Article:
Because Internet: Understanding the New Rules of Language
As a self-declared “internet linguist”, journalist and podcaster Gretchen McCulloch is well-versed in the ever-changing nuances of digital language. Her interest lies in its everydayness: “Internet writing is unedited, it’s unfiltered, and it’s so beautifully mundane,” she writes in her first book, Because Internet, an engaging analysis of the ways in which we speak online, and why. Functioning as an insightful manual both for the uninitiated and for native digital users, it covers slang, keysmash, emojis and cat memes, and even attempts to locate the moment “lol” was first used.
Riverhead Books, 288pp, £19.99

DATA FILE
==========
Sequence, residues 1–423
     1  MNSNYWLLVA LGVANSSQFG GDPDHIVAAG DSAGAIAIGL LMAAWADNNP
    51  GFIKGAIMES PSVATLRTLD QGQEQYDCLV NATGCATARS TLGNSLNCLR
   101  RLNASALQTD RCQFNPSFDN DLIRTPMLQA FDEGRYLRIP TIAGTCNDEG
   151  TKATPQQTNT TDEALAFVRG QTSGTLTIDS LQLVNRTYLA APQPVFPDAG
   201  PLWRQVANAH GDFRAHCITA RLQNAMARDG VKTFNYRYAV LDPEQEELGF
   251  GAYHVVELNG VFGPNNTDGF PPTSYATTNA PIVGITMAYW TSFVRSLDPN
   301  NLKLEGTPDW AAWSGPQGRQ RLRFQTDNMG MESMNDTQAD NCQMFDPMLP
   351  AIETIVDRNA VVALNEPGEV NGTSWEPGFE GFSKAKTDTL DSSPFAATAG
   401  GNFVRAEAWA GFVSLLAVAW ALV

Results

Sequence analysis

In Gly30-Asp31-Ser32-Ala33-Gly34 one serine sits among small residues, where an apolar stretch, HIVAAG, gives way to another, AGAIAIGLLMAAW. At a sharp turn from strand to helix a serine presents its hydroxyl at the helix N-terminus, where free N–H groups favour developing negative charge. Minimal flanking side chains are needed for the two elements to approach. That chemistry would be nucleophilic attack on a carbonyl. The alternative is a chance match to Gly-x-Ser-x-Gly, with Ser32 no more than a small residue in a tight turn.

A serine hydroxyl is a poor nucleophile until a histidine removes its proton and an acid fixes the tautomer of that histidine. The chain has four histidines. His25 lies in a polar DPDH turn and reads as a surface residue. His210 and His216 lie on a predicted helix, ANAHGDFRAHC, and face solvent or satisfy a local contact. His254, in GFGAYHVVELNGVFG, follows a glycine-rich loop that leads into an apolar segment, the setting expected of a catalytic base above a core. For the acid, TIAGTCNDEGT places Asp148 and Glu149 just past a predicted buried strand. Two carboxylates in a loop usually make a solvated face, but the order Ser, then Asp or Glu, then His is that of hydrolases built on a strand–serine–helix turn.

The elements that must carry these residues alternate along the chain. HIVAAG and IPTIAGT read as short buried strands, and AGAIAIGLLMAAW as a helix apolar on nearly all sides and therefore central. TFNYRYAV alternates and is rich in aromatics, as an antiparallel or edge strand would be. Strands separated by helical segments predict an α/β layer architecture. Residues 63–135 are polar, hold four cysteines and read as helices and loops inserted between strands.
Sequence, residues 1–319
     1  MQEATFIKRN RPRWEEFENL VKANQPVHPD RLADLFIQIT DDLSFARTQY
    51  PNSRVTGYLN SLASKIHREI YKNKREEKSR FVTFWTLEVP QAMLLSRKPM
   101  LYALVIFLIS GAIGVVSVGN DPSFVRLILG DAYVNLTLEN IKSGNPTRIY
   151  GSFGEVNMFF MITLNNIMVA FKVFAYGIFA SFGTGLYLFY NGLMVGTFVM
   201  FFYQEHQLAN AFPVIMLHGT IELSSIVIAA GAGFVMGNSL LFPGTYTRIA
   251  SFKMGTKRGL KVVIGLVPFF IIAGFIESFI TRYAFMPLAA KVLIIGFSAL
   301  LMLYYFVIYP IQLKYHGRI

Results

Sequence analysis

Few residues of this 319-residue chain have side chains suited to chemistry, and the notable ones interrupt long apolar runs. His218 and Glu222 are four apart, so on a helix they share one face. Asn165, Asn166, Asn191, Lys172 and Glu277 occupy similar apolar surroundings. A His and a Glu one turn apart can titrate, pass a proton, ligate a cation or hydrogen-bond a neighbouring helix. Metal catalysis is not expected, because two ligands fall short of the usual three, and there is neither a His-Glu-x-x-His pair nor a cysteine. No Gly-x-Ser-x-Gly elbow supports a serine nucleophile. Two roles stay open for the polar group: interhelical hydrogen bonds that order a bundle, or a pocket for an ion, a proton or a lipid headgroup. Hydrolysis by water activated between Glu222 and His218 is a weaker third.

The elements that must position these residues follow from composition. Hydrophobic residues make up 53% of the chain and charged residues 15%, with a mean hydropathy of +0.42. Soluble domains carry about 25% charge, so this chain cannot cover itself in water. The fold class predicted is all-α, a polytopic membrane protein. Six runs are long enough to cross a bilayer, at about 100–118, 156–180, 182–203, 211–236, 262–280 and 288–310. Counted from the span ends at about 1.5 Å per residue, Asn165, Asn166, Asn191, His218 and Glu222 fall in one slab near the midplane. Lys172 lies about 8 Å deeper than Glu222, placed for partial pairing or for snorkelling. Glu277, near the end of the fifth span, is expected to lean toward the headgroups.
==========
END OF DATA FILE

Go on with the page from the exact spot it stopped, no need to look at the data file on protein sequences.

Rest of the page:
Homesick: Why I Live in a Shed
Leaving her cramped £400-a-month house-share in Bristol, cello teacher Catrina Davies moves into a mice-riddled shed with no running water in Cornwall. Not for the comfort, or the Instagrammable hippy aesthetic, but because “I seemed to have run out of other options”. Her angry and eloquent book Homesick is a powerful exposure of the cruelty of a housing system where “rent is a monthly trauma” and a spider-infested shed equates to freedom.
Riverrun, 368pp, £16.99
“Attention seeking is one of the best things we do, even when we have the worst ways of doing it.” Adam Phillips has been described as Britain’s foremost psychoanalytic writer; here he writes four slim, nimble essays on the concept of attention, blending psychoanalytic theory with literary criticism in his approach. He argues that our interests (what we pay attention to) and our needs (what we seek attention for) are what shape us – and that by “giving attention the attention it deserves”, we might discover more about ourselves.
Penguin, 144pp, £6.99
This article appears in the 24 Jul 2019 issue of the New Statesman, Shame of the nation